An İstanbul court has ruled to impose a gag order on news reports suggesting that an aide to Turkish President Recep Tayyip Erdoğan used a fake high school diploma to get into university, citing a violation of his personal rights, according to Turkish media reports.
In line with the court decision from the Bakırköy 1st Penal Court of Peace on Monday, an access ban will be imposed on news reports about the alleged fake diploma of Hamza Yerlikaya, a former Olympic wrestler, youth and deputy minister and executive board member of Turkey’s state-run Vakıfbank, in addition to serving as a senior advisor to Erdoğan. These news reports will also be removed from online sources.
The Cumhuriyet daily earlier this month broke the news about Yerlikaya, reporting that he stood trial on charges of forgery of documents at the Ankara 7th High Criminal Court. According to the court’s reasoned decision in 2011, Yerlikaya intentionally used the forged high school diploma based on evidence examined by the court.
Deputy group chairman of the main opposition Republican People’s Party (CHP) Engin Özkoç, who recently aired a video message about Yerlikaya’s allegedly forged diploma and called on him to resign from public posts, announced on Twitter that access to his video was also banned.
“As a person who was convicted of forgery, how could you be elected to parliament, become an advisor to the president, appointed as a member of the Vakıfbank executive board and earn millions of Turkish lira?” Özkoç asked in his video.
According to the Turkish Parliament website, Yerlikaya has a degree from Süleyman Demirel University’s physical education and sports department. He served in parliament between 2007 and 2011 from Erdoğan’s Justice and Development Party (AKP). He was appointed as a senior advisor to Erdoğan in 2015.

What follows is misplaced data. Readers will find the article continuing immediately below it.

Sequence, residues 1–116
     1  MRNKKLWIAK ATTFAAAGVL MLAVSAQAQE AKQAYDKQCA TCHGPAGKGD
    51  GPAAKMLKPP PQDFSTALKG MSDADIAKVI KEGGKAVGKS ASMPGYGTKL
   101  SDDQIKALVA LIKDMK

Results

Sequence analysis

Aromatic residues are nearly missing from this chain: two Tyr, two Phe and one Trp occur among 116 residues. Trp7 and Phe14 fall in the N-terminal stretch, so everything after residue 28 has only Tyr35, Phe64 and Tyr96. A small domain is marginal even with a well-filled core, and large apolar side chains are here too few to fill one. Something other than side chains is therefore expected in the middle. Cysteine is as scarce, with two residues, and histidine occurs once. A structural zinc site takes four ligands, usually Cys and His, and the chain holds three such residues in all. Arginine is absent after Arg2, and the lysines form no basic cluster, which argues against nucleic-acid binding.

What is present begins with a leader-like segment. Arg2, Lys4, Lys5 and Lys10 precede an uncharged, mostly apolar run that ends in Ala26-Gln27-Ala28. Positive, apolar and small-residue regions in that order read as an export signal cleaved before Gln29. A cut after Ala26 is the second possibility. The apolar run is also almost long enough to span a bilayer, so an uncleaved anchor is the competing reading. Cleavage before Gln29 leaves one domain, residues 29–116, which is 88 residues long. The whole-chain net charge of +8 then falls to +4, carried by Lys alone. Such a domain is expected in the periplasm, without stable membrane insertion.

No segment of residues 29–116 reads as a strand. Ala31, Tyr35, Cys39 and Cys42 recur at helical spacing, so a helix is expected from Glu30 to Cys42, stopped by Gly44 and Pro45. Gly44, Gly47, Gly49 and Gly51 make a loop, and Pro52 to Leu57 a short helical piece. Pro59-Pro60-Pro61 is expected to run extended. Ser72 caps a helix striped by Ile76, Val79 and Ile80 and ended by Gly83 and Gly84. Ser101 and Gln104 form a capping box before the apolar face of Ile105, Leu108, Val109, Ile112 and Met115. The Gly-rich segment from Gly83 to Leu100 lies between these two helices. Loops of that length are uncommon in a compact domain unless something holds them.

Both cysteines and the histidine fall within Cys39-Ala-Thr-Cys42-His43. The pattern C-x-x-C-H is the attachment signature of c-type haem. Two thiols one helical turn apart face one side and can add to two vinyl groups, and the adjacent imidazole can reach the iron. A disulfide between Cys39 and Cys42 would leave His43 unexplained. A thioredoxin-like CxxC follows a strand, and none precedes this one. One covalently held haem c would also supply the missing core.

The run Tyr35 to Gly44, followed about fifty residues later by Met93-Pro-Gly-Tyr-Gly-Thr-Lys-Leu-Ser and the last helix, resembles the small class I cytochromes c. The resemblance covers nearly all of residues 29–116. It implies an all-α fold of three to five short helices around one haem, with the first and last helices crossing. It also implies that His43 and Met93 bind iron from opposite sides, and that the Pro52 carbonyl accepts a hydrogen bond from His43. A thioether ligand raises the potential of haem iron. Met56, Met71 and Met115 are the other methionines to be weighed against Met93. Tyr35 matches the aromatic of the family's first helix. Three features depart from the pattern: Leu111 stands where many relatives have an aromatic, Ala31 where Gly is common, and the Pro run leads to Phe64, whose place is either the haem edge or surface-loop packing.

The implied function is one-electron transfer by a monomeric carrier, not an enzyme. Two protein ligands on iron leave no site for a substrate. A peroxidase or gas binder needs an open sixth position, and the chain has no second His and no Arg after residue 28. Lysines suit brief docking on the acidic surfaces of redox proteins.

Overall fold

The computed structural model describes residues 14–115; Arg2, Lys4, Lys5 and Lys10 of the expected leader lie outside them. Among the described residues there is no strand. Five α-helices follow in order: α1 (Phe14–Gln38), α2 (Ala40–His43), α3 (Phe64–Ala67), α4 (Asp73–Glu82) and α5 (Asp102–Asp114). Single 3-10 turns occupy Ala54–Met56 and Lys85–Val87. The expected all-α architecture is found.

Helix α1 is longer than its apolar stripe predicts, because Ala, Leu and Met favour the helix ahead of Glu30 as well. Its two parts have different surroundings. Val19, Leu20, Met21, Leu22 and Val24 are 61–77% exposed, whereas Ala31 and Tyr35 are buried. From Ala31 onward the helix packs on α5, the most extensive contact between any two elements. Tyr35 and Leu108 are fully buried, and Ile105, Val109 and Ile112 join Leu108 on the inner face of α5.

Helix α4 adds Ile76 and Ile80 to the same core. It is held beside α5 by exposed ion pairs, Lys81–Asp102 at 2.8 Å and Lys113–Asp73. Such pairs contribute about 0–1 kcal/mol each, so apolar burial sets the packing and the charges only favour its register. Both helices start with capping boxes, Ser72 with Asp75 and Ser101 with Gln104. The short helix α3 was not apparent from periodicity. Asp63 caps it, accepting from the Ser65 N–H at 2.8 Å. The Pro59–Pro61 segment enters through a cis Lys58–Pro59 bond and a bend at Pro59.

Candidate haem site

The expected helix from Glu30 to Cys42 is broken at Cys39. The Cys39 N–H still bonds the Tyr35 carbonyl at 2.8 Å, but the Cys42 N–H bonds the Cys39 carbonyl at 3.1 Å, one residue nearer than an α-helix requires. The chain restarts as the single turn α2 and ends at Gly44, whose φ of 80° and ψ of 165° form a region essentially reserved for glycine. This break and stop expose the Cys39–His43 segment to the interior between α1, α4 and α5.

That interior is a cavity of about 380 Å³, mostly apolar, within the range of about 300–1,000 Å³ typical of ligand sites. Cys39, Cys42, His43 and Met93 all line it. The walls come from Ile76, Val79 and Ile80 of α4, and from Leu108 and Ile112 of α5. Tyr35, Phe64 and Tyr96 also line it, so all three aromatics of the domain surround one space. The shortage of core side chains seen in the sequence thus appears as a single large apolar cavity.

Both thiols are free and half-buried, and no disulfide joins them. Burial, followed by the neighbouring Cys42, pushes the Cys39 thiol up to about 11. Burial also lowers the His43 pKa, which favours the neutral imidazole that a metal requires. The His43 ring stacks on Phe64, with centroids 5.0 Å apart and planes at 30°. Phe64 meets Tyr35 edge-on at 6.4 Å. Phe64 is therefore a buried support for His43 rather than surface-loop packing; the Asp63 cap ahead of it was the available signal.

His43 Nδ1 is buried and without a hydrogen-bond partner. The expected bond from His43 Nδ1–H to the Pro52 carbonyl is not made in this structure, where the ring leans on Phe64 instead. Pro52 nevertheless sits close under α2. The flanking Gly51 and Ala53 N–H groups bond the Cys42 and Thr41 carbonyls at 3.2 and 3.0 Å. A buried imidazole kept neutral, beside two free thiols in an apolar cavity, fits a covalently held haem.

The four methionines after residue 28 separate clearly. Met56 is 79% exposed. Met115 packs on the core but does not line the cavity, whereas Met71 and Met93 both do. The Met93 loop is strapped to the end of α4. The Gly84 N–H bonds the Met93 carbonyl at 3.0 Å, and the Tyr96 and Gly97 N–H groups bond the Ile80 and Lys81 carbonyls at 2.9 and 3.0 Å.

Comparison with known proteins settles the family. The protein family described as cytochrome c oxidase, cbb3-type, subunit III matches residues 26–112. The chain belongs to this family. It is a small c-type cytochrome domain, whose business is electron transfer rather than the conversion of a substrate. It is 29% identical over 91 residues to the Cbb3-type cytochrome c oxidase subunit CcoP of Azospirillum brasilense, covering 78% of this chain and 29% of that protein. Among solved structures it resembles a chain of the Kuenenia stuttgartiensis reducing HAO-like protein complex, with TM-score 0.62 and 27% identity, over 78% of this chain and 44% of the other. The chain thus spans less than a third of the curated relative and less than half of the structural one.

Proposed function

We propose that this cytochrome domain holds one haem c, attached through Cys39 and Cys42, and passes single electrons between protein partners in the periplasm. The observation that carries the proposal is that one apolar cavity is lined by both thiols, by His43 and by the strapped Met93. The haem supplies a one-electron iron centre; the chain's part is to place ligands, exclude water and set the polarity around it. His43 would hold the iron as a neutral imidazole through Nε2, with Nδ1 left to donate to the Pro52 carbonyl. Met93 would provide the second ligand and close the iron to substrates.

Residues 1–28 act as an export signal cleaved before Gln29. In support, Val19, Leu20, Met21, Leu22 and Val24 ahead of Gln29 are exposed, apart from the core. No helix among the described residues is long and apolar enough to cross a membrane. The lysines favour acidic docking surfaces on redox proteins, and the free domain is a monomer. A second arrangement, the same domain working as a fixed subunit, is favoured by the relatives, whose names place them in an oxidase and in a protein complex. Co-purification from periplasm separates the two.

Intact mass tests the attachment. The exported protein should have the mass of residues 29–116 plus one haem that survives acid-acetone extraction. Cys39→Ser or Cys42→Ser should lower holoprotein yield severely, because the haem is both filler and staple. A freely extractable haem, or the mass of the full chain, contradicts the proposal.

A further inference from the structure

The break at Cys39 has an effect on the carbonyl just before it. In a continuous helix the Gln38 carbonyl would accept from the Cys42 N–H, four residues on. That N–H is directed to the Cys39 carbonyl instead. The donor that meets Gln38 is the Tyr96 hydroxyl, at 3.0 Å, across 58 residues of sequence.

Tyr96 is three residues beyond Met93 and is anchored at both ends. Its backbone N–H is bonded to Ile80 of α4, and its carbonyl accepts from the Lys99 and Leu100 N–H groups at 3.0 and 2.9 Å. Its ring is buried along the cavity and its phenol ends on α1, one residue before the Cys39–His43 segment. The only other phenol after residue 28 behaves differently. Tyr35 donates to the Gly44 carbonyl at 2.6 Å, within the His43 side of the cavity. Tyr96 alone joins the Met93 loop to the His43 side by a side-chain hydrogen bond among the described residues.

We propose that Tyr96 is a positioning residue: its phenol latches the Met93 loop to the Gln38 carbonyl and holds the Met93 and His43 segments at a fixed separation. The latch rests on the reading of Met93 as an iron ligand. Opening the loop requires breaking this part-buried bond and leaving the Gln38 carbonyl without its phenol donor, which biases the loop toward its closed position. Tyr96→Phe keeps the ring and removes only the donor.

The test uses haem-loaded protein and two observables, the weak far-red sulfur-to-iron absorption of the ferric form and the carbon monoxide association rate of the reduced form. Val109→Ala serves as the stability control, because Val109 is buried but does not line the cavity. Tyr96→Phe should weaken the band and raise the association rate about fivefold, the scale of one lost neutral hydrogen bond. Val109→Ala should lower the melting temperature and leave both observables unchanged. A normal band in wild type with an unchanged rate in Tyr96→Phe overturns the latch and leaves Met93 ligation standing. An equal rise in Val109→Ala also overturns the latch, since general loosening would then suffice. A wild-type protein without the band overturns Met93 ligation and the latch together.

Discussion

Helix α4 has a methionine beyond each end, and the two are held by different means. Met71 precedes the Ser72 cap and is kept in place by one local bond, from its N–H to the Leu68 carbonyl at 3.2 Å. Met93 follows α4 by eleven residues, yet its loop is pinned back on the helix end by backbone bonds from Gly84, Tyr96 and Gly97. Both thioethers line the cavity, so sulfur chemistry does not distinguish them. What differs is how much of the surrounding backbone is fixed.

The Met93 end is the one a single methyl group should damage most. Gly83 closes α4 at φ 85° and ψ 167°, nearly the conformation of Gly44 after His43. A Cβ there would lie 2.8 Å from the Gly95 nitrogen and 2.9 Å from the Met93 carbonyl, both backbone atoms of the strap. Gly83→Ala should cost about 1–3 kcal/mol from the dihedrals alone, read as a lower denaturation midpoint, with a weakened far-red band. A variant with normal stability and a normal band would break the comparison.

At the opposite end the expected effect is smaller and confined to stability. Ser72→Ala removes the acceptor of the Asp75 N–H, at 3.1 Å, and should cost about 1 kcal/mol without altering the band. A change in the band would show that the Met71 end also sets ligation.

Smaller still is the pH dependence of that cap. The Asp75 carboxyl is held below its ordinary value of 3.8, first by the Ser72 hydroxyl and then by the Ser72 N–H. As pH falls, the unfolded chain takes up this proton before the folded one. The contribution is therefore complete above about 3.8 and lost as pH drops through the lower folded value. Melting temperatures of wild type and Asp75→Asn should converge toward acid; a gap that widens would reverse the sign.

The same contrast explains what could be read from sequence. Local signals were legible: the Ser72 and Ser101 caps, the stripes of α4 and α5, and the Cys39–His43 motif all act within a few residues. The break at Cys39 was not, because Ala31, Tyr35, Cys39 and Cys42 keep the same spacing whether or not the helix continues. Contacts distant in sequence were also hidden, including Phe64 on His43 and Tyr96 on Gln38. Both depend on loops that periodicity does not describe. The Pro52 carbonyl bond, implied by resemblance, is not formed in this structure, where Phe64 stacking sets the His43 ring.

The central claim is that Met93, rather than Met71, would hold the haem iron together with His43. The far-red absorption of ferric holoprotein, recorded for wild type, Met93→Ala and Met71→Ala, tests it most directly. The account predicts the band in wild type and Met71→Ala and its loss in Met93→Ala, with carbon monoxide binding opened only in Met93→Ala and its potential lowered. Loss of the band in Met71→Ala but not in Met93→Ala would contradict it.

Yerlikaya’s appointment to the Vakıfbank board as an independent member in June led to jokes and ridicule among Turkey’s social media users, who pointed to the wrestler’s lack of knowledge and experience in banking.
The AKP and its leader Erdoğan have been harshly criticized for filling state posts with cronies and eschewing merit-based appointments.
Turkish President Erdoğan is also at the center of a controversy regarding his university degree. There has been an ongoing debate in Turkey since Erdoğan’s 2014 election as president as to his completion or not of university since the Office of the President has provided no satisfactory documentation of his graduation.
Despite several calls for Erdoğan to produce an original copy of his four-year college degree to prove that he is eligible to be president, no evidence has been forthcoming proving the completion of his studies.